Jade Jones: Staying Motivated During Difficult Times
Great Britain’s most accomplished Taekwondo athlete, Jade Jones OBE, recently spent the day at Prevayl HQ to test our tech. After a day of deadlifts, sprints and renegade rows, we talked to Jade about what it takes to stay motivated after having achieved everything in the sport – especially when facing a recent setback like Tokyo 2020.
A coach, a nutritionist and a gym fit for an Olympian. Just three essentials Jade had to forgo during lockdown. Training every day and keeping to a certain weight was anything but a walk in the park for the Welsh sporting giant.
Jade is of course no stranger to adversity but by her own admission, being housebound with her roommate – who happens to be in the heavyweight category – wasn’t exactly a piece of cake.
“She was cooking brownies and cookies all the time and my weight kept going up. I didn’t think I would ever make the weight category again.
“I’ve literally been the same weight since I was sixteen, now I’m twenty-eight it’s harder to maintain that weight.”
In 2017, Jade’s long-time coach Paul Green resigned from GB Taekwondo leaving Jade to find a new guiding light, but champions adapt and always find a way to push forward.
“It’s been tough over the last few years trying to build chemistry, trust and respect with someone again. I had been with Paul since I was a kid.”
From having her face on every Team GB oriented publication, to appearing in multiple Olympic sponsored adverts for Rio 2016, Jade was well versed in being the face of British Taekwondo going into Tokyo 2020. This time round however, there was more pressure on Jade - self added pressure, admits Flint's golden girl.
“I made too much of a big deal out of it. Looking back, I realise I was doing it for the wrong reasons. It’s my own fault really, I put too much pressure on myself.”
Jade’s mindset towards Tokyo 2020 was more focused on what she could lose rather than what she could win. Upon reflection, Jade realises she needed to be more ‘selfish’, more concentrated on her reasons for competing rather than being swayed by external noise.
“I’ve learned a lot since Tokyo. I’m going to use this experience to add fuel to the fire and make myself stronger.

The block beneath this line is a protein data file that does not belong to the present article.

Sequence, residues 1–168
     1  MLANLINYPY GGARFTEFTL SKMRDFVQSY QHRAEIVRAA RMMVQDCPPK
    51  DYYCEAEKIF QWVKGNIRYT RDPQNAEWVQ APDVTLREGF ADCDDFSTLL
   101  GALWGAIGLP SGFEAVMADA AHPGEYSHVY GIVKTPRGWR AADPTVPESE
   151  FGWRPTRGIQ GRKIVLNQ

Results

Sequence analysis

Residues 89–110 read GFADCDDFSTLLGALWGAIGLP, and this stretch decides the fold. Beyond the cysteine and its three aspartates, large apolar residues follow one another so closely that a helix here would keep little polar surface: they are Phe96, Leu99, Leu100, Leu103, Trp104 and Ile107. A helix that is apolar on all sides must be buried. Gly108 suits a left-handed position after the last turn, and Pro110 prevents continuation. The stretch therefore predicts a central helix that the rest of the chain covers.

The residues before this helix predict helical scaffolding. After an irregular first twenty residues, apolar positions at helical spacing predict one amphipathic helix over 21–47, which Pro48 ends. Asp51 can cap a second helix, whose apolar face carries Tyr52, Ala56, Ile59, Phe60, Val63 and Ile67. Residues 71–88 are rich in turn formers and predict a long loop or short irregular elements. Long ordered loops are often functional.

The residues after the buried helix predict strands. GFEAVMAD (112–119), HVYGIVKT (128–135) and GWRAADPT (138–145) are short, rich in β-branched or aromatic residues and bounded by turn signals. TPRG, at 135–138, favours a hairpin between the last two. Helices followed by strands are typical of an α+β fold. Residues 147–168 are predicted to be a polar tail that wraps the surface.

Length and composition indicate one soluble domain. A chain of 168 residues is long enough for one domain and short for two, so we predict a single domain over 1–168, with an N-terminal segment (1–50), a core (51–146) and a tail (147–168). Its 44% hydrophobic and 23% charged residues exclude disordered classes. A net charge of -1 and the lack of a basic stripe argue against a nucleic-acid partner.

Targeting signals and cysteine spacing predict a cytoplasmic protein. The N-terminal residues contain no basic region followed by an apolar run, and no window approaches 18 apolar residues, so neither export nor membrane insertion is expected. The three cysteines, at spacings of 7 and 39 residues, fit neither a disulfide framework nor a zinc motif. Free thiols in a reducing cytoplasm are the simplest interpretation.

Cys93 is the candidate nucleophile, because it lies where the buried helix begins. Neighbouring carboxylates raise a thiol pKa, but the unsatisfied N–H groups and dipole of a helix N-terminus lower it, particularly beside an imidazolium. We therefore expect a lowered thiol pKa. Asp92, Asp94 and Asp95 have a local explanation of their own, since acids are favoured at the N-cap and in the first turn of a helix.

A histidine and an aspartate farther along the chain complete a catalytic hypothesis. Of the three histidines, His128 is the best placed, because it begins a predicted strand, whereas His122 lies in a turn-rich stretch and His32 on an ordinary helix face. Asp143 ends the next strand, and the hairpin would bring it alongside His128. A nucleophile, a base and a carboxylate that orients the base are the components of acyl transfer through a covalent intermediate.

“I’m going to have a different mindset going into Paris, and a different mindset towards life as well.”
Most people view Jade’s short-lived outing in Tokyo as a freak loss, what people don’t acknowledge is that her opponent, Kimia Alizadeh Zonoozi, is not an unfamiliar foe.
“She’s a tough opponent for a first fight. She’s a big, tall girl. On my day, I could beat her, but she was always going to be tough.”
The absence of a crowd massively impacted Jade, even knowing beforehand not to expect that raw energy, she couldn’t acclimatise to the desolate arena.
“Normally I get nervous and then everyone screams and that gets my adrenaline going, it throws me into fight mode, here, I was just nervous and couldn’t feed off a crowd.
“I felt that everything was against me, I love having a crowd, I love having my family there, I love all the bigness of the Olympics and it didn’t feel like that, it felt like a test match almost, my worst kind of style. But everyone had the same experience, so no excuses my end, it just wasn’t my day.”
So, what’s next for the two-time Olympic gold medallist? After having achieved everything in Taekwondo, does the hunger fade? Will anything live up to that first gold? Is hanging up the dobok in the cards?
“Now I’ve lost, the hunger is back. I’m not going out like that. I’m gonna get that gold medal back before I retire.”
Asked and answered, at 28 years old, The Headhunter, having already competed in three Olympic Games has her eyes fully set on Paris 2024.